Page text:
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Sunday, November 29, 2009

Jamaica: Golding's 'Dudus' dilemma

Golding and Lightbourne

A.E. Hueman, Contributor

Currently, Jamaica is in danger of becoming something of an international pariah. We were recently downgraded economically by both Bear Stearns and Moody's and also downgraded morally by Transparency International, but these are mere niceties in face of the thing that is threatening to demote us to the status of banana republic or rogue state.

This of course is the face-off between the Jamaican Government and the United States (US) in the matter of the extradition of Christopher 'Dudus' Coke. The media are treating the matter gingerly, but already, two companies have received threats from his fans. The public seems to have adopted the attitude that the prime minister (PM) is between a rock and a hard place and is sitting back to watch. The circumstances deserve more attention.

Our seemingly unflappable PM is actually on a slippery slope teetering on the edge of an International Monetary Fund rejection and simultaneously trying to find a foothold as he walks barefoot along the razor's edge between antagonising the US and infuriating his volatile constituents, plus night and day wondering where he is going to find the next few billions to pay the nurses, or the teachers, or the police. And he is handling this ticking time bomb with all the aplomb of a pope - or someone who has O.D'd heavily on tranquillisers. The man is an enigma wrapped in a mystery. One has to applaud his phenomenal cool, but who can understand it?

Whatever one's opinion about the delay on the request to extradite Coke (and other unnamed prominent persons) to face drug and gun charges, any intelligent person must be aware of the gravity of the situation and the impact that the displeasure of the US will have and indeed may already be having on Jamaica's viability. Keep Coke, and we get the big stick from the leader of the free world; hand him over, and we may be able to repair some of the damage to our image and some access to meaningful economic assistance. It is not only the right thing to do, but the only sensible course to take.

Thus, it does appear that Bruce Golding and Dorothy Lightbourne would be best advised that for the good of this country they stop the legal titivating and filibustering and just hand over the multifaceted Mr Coke aka 'Dudus', 'Prezi' or 'The President'.

In Jamaica, Dudus is described as a businessman, show promoter, area leader and don; but in the US, the State Department is alleging that he is an illegal gun trader and a purveyor of dangerous and illegal drugs.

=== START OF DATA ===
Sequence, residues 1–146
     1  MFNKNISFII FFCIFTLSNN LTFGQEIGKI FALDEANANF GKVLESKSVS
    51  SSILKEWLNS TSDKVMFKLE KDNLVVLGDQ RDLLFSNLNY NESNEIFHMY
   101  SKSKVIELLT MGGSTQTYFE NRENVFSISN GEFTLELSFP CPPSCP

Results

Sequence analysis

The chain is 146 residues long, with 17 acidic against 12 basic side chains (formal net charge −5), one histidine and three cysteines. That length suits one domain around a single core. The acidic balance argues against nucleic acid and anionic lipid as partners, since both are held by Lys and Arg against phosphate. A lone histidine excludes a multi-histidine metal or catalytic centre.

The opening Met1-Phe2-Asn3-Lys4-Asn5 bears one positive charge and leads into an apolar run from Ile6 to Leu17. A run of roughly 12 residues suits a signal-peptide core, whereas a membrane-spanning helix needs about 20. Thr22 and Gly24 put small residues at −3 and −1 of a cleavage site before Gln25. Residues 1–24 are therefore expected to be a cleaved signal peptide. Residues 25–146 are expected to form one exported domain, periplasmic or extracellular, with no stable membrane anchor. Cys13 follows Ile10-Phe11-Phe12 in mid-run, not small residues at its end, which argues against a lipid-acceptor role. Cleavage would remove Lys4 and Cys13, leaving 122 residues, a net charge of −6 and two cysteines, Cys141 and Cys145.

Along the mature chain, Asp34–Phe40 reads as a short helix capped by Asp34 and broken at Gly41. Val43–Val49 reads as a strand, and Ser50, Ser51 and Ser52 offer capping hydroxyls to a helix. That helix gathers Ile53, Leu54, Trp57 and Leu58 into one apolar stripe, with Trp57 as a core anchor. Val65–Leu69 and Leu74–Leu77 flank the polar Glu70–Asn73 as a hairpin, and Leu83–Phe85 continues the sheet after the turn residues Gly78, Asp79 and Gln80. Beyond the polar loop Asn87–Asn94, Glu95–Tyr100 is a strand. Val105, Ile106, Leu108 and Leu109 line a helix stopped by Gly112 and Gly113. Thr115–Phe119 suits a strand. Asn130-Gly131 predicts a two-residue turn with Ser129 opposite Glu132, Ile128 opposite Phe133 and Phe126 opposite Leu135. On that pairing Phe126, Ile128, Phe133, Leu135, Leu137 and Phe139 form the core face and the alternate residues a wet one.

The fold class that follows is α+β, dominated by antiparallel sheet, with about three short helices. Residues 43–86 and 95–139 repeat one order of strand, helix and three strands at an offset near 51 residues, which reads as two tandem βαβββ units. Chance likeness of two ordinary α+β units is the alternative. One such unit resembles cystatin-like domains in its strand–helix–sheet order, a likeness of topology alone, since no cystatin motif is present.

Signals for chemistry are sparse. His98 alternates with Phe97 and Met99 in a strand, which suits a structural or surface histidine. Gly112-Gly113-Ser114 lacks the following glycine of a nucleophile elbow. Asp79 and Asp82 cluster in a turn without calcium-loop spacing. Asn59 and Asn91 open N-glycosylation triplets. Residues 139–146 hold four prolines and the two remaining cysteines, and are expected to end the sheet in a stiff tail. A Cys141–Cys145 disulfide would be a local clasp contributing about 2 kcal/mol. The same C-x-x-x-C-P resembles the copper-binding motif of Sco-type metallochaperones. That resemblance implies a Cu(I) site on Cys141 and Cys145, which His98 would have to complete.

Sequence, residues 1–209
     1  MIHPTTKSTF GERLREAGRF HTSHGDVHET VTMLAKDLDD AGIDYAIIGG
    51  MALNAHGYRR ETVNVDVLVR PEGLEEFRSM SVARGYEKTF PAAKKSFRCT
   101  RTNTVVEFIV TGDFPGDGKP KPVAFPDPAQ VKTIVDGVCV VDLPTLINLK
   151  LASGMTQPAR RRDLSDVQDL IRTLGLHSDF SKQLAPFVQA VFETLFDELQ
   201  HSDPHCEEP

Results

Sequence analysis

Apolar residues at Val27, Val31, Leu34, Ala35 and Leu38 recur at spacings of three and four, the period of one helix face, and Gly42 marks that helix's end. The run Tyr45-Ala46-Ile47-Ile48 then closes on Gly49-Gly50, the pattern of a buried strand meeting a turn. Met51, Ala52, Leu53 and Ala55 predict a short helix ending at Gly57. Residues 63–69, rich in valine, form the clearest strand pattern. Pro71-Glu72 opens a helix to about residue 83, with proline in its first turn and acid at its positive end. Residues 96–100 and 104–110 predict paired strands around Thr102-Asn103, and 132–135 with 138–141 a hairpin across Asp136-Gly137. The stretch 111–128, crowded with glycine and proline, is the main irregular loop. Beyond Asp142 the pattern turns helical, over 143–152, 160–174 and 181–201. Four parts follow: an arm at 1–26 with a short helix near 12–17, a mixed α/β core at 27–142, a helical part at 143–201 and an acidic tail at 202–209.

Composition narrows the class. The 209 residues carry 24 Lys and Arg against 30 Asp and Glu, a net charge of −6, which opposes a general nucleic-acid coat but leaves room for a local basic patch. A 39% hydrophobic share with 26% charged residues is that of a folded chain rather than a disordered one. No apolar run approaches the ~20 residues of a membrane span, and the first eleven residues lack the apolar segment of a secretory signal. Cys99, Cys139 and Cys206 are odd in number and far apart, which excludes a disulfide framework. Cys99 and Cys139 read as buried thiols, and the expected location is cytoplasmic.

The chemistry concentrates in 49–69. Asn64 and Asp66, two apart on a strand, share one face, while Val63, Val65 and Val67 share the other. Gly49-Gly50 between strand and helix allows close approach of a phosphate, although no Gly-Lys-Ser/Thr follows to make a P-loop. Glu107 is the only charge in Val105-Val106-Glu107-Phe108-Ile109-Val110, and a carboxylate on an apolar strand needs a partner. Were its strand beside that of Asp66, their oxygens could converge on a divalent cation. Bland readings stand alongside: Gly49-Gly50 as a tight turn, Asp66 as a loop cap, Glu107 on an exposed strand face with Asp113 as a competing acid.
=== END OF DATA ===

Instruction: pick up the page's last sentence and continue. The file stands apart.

Of course, handing Coke over to the US authority will be unpleasant and possibly have some perilous consequences for residents, for Golding, and by extension, for the Jamaica Labour Party (JLP).

Risking civil unrest

Residents may suffer civil unrest, Golding may lose support in his constituency and could even lose his seat in the next election. Trouble is likely if Coke is indeed as popular, powerful and dangerous in this JLP garrison as he is made out to be. But is this really the case? Is it fear or love that controls his supporters? There may well be a large number of well-thinking residents who would prefer to live outside the shadow of a don.

If, as predicted, the removal of Dudus does cause riot and mayhem in Tivoli, it will be the job of the police (hopefully without the help of Reneto Adams) and the army to quell it. Are the prevalent rumours of plans for protests and insurrection and of Tivoli bristling with high-powered weapons true, or just greatly exaggerated? If they are true, is that not another good reason to send in the troops?

No two ways about it: the Dudus dilemma does present an enormous challenge to Golding, and by extension, to the JLP, and more important, to all Jamaica. Perhaps Golding sees the stand-off as a no-win situation in which he is damned if he does and damned if he doesn't comply with international law and surrender the don to the US justice system. If Tivoli's response to the extradition is riot and mayhem and Golding has to send in the troops and invoke the Suppression of Crimes Act or call a State of Emergency just before the start of the tourist season, that's another blow to the economy and a double whammy to the economy and the JLP government.

Massive challenge

On the other hand, this massive challenge does come with a huge and enticing opportunity, an opportunity which, if intelligently and energetically used, can rid our island of a curse and transform Golding himself into a genuine National Hero.

Simply put, by cutting Dudus loose, Golding has a God-give opportunity to strike a crippling blow (hopefully the first of many such) against the corrupt gangland culture of the dons, which has taken over our many garrison constituencies, infiltrated mainstream politics, and is now threatening to get a stranglehold on both politics and society in Jamaica, land we love. Which politician would not rather become a National Hero than play second fiddle to a garrison don?

"There is a tide in the affairs of men

That taken at the flood leads on to fortune

Omitted, all the voyage of their life

Is bound in shallows and in miseries.

On such a full sea are we now afloat

And we must take the current when it


Or lose our ventures."

- William Shakespeare

Dear prime minister of Jamaica, we look to you to decide the better option.

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November 29, 2009